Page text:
Half a dozen friends getting together for a meal to say thank you and welcome the new year seemed a good idea at the time.
It fell to my lot to make the arrangements with the restaurant, a popular place in town which I know well.
I was there at the scheduled hour to welcome the visitors, but one by one the messages came in to say that they couldn’t make it.
One informed me that her father was in hospital, another had not yet returned from a Christmas trip away, another had been caught in a road accident and his car was a write-off.
Then there was illness and a 40th birthday celebration. All legitimate reasons.
That left me on my own, waiting and hoping that maybe just one of them would turn up before bed-time. Fifteen minutes, 30, an hour. To cover my embarrassment, I ordered a snack. Just as I had finished eating and was drinking coffee, a member of the group arrived, and we chose again from the menu.
The irony of it all was that these good people were planning to use the occasion to entertain me, and there was I, asking the restaurant manager for permission to pay the bill the following week, because I had forgotten cash, card and cheque-book. An amusing story, every detail true. No bad feeling, and I was sure that another opportunity would present itself in the not-too-distant future.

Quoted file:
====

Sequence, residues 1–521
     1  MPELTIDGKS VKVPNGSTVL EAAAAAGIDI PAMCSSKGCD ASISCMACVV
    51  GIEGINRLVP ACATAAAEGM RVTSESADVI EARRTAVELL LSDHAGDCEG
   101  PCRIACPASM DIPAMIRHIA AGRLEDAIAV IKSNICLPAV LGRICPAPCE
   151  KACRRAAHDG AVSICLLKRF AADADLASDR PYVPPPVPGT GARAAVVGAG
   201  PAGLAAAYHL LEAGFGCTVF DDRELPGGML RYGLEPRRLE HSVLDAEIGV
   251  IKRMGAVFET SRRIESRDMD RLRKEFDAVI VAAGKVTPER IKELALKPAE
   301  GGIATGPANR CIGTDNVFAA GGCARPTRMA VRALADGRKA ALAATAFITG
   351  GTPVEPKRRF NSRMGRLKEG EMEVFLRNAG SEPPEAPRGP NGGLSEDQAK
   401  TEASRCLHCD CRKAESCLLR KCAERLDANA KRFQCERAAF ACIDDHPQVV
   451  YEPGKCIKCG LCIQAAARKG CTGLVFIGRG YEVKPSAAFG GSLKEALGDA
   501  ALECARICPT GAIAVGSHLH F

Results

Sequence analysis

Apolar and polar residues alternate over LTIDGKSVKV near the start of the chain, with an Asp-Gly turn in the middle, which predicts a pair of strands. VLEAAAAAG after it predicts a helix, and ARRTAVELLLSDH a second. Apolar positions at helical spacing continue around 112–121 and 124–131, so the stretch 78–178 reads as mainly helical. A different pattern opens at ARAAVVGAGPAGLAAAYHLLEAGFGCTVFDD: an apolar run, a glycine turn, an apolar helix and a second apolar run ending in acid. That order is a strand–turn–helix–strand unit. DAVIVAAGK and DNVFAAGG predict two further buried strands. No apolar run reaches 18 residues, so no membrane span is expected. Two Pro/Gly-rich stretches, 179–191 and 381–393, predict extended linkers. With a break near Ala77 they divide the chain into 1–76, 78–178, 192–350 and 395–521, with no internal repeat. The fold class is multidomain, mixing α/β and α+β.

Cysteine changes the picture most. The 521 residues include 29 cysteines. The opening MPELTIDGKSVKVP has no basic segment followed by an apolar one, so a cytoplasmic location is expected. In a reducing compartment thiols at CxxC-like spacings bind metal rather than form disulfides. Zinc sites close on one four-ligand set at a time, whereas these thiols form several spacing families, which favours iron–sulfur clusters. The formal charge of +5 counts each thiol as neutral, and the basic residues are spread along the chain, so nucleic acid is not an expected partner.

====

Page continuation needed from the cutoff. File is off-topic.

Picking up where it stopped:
On rehearsing this anecdote when I got back home, I thought of the thin line between reason and excuse for not taking a particular course of action.
A New Testament parable has to do with guests being called to an important feast, and each one having an explanation for not being able to attend.
The host was most unhappy and not willing to accept their stories.
The parable serves to illustrate the danger of refusing an invitation from God to be receive his grace and forgiveness. In view of the consequences, one needs to think long and hard before turning him down. My hope and prayer for myself in the coming twelve months is that I may always be completely open and honest before him.
PS: The ‘Stargazing Live’ programmes on television this week have proved to be just as fascinating and entertaining as the previous series, not least the current search for evidence of life on Mars.
I’ve been wondering whether any of the presenters would be brave enough to suggest the possibility of some truth in Genesis chapter 1: ‘In the beginning God created the heavens and the earth.’